Monday, March 23, 2015

Banded Ash Borer

This seems to be the week for longhorn borers as our woodpile came to life on Saturday with dozens of these long-legged, longhorn beauties. I had never seen this particular species before and after inquiring on facebook, one of my friends knew right away that is was a Banded Ash Borer (Neoclytus caprea). Like the Painted Hickory Borer I posted last week, this one is also a wasp mimic which is easy to see why by the image to the right. Their black and yellow (or white) striped markings and long legs are very wasp-like in appearance.Their movements are also erratic like wasps. It was very difficult to get clear images of these beetles as they are very fast moving and prone to flight when you get anywhere near them. I spent well over an hour just trying to get a few passable images. Insect photography will certainly teach you patience....or drive you buggy, not sure which. 


Banded Ash Borers are found throughout Eastern Canada and most of the United States. They use Ash, Mesquite, Hickory, and Elm to lay their eggs in. Rarely do they infest healthy trees, instead they prefer trees that are stressed or dying. Adults emerge early in the spring, typically in April, but obviously as early as March if the weather is warm enough. They will also be found in firewood and emerge from logs in your homes, sometimes in large numbers which can be worrisome if you aren't familiar with them. They are harmless and will not bite, sting or otherwise harm us. They will also not harm your woodwork or furniture. They look for trees or firewood with the bark still intact in order to lay their eggs. If you are overly concerned about finding these beetles in your home, removing the bark from your firewood will solve the issue.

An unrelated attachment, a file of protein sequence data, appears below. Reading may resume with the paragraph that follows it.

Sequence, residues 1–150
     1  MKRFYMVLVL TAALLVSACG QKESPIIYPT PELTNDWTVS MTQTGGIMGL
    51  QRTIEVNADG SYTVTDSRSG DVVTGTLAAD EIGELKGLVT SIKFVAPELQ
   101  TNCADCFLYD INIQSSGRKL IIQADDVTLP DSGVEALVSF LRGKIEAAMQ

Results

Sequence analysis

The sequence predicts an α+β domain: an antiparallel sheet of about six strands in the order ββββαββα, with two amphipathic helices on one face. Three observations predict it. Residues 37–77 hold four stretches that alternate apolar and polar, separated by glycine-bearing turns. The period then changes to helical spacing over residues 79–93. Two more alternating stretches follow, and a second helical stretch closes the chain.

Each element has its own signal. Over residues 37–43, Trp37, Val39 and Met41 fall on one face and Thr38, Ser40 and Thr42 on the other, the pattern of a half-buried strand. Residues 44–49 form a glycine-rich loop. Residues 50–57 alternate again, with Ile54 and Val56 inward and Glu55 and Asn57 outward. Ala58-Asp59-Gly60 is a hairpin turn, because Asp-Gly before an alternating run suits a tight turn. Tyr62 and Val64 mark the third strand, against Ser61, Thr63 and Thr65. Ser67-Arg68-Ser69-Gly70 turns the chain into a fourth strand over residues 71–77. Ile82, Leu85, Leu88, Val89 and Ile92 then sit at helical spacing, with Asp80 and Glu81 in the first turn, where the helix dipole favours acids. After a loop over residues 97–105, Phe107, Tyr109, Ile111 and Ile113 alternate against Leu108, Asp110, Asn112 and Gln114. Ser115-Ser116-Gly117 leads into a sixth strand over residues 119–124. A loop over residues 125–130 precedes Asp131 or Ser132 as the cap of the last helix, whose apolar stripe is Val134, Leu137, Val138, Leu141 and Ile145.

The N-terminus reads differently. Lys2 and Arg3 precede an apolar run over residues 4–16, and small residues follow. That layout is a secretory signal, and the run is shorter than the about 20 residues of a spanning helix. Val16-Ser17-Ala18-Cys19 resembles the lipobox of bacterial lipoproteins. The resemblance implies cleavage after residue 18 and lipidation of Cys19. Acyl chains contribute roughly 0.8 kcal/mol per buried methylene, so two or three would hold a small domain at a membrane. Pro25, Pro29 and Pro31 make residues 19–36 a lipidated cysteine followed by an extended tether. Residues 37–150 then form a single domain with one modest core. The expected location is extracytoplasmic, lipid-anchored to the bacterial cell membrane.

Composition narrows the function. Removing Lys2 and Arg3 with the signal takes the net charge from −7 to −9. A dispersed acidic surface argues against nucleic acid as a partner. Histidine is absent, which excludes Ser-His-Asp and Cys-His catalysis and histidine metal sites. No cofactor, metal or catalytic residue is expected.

Females lay their eggs in the cracks or crevices in the bark of host trees or firewood. The eggs hatch and the larvae, called round-headed borers, burrow into the sapwood where they feed until late summer at which time they form pupal chambers in the wood just below the bark and spend the winter in this stage. In the spring the adults emerge and look for mates. They complete one generation per year, but if the female chooses firewood to lay their eggs it may take as long as 2 years to complete their lifecycle.

There are few insects active this time of year, so when warm days bring out pretty beetles like this, it is hard to not get somewhat excited.



5 comments:

  1. Interesting species, I believe I have seen this one. I already posted a butterfly shot.

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    1. I haven't seen a butterfly yet, but I am hopeful that any day now I will. Several friends of mine are seeing Mourning Cloaks.

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  2. Wow, I think you did really well--nice shots! First time I tried to photograph tiger beetles (visiting friend in eastern KS), WOW did I learn they are FAST RUNNERS. But, so gorgeous, I had to keep trying. =) Happy Spring!

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  3. I got bit by a white version of this bug. What will happen to me? Is it poisonous or venomous?

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    1. Without seeing a picture of the exact bug that bit you it would be hard for me to say what it is. But I would imagine that whatever it was is most likely harmless even though the bite might have been painful. Just keep an eye on it, because if you happen to be allergic to anything it injected with the bite it could cause some inflammation or even possibly a more severe Reaction.

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